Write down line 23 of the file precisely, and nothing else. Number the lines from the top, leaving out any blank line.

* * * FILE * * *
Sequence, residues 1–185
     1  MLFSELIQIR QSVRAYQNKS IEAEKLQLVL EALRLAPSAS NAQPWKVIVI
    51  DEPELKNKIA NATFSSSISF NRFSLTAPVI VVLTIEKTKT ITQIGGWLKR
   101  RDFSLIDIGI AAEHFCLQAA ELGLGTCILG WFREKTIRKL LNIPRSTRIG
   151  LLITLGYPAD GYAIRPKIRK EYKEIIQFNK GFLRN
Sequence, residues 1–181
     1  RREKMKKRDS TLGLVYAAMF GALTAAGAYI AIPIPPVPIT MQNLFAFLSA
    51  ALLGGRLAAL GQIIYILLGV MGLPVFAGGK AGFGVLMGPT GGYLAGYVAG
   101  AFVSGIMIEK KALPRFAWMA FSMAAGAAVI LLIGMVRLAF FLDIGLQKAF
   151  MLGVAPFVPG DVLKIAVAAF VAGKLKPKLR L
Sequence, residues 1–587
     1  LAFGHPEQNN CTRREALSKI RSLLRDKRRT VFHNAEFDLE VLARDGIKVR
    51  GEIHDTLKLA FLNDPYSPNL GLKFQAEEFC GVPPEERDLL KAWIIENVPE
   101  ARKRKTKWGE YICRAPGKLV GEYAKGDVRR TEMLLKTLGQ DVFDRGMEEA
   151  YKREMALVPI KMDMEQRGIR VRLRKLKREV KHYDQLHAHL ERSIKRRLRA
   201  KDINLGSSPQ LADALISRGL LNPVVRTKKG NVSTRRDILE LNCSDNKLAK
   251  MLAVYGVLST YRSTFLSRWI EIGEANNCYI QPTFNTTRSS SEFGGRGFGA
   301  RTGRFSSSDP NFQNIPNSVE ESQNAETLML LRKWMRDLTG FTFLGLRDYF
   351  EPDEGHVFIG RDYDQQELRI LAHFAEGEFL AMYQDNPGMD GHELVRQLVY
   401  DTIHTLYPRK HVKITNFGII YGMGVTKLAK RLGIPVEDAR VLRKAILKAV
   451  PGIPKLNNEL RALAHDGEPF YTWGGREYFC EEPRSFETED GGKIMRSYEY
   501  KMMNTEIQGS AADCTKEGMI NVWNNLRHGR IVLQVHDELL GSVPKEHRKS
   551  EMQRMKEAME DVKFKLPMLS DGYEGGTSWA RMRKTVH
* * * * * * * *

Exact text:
   551  EMQRMKEAME DVKFKLPMLS DGYEGGTSWA RMRKTVH